Joyce Chen ’23
Psychopathy is a genetic mutation in the brain that causes individuals to have egotistical tendencies. Such tendencies can lead to unwarranted actions such as crime or even murder, as psychopaths do not keep the wellbeing of others in mind. However, some psychopaths are capable of keeping their dark thoughts hidden very well, thereby having seemingly socially acceptable behavior. Recently, researchers from the Departments of Psychology at Virginia Commonwealth University and the University of Kentucky investigated the relationship between heightened levels of gray matter in the brain and psychopathic qualities.
In a study led by doctoral student Emily Lasko, researchers from both universities investigated why certain people with psychopathic qualities are better at controlling their behavior than others. They conducted two studies with the utilization of MRI technology. In the first study, the researchers scanned the brains of 80 adults who were in committed long-term relationships. These adults were then asked to complete a set of questionnaires, called the Short Dark Triad, which contained a total of 27 questions that measured psychopathy, narcissism, and Machiavellianism. The reactions to the questions were rated along a Likert scale, from 1 (strongly disagree) to 5 (strongly agree). For the second study, the researchers obtained a sample of 64 undergraduate students who were tested for psychopathic traits through an assessment that measured primary and secondary psychopathy. Primary psychopathy resembles the egoistic characteristics of psychopaths, such as selfishness, manipulativeness, and arrogance, while secondary psychopathy is impulsive and antisocial behavior. For both studies, the team discovered that the psychopathic subjects who hid their intentions the best had high levels of gray matter in the ventrolateral prefrontal cortex, a region that regulates emotions such as anger or fear. As such, the researchers concluded that the gray matter density in the brain had a positive correlation with psychopathic qualities: those with higher levels of gray matter could better control their psychopathic tendencies than most other individuals. This creates an advantage for psychopaths to fit into societal expectations of what is socially acceptable.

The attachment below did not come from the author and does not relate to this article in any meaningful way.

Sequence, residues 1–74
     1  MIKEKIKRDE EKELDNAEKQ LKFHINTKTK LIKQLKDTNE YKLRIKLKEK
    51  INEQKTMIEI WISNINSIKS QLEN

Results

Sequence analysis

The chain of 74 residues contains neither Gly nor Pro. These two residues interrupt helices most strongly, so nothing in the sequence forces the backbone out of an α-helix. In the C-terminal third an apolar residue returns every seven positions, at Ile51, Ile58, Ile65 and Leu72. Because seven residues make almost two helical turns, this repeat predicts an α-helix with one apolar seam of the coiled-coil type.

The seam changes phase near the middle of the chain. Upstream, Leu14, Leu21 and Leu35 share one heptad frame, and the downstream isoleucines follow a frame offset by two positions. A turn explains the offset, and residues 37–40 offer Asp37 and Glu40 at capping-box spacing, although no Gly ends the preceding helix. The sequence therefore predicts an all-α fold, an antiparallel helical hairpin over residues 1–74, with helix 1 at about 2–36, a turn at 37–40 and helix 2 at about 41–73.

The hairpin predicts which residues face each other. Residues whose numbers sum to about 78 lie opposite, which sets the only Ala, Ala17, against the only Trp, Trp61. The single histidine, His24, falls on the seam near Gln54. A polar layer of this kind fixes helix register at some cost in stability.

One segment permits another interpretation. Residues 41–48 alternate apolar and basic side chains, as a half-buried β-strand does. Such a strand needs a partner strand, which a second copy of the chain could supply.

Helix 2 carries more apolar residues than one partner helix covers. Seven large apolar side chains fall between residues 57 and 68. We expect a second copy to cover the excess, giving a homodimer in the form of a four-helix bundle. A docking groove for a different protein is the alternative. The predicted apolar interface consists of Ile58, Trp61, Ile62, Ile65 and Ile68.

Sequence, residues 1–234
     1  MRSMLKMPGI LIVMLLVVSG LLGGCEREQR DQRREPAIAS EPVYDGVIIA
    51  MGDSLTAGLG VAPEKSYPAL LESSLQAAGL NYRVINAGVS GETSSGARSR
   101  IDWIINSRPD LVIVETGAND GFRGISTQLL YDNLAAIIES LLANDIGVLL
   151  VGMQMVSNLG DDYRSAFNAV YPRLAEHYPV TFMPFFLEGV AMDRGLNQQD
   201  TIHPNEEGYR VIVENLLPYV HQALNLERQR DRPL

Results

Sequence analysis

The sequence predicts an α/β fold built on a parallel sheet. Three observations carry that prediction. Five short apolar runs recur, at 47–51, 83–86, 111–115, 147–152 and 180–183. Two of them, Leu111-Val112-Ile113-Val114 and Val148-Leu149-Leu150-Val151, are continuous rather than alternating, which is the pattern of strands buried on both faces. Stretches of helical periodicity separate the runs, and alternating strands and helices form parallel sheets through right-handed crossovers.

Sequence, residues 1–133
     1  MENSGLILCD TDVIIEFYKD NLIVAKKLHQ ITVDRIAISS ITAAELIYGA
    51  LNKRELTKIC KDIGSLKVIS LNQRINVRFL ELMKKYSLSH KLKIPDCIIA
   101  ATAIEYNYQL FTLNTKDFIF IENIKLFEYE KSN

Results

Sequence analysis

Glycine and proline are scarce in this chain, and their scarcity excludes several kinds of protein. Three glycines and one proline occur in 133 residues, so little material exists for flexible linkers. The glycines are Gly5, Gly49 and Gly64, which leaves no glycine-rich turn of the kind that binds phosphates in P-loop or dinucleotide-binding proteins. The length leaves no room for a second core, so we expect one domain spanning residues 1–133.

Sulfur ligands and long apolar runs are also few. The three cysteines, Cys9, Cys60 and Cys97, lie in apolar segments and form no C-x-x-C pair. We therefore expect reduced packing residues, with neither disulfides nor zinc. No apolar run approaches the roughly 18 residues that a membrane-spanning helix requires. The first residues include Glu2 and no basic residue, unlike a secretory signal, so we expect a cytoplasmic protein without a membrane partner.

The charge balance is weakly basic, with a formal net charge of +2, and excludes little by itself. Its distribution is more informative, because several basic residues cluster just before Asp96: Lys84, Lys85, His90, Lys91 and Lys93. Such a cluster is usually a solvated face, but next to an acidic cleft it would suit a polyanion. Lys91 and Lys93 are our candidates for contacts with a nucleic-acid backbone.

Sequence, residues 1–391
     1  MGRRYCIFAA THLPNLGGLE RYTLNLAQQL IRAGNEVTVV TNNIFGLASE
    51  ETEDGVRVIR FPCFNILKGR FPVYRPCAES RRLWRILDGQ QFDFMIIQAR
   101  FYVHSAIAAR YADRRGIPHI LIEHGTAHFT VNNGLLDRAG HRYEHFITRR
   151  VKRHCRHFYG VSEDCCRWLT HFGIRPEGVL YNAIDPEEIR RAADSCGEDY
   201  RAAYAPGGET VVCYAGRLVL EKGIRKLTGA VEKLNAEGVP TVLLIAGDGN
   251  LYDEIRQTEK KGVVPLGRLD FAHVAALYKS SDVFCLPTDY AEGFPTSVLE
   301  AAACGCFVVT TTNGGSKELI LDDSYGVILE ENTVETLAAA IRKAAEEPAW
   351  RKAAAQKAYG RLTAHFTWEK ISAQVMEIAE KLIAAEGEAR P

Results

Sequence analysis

The research paved the way for a deeper understanding of the neural anatomy of psychopathic individuals, which allows for specialists to properly diagnose and treat them with medication and rehabilitation.
- E. Lasko, et al., An investigation of the relationship between psychopathy and greater gray matter density in lateral prefrontal cortex. Personality Neuroscience, (2019). doi: 10.31234/osf.io/j2pwy.
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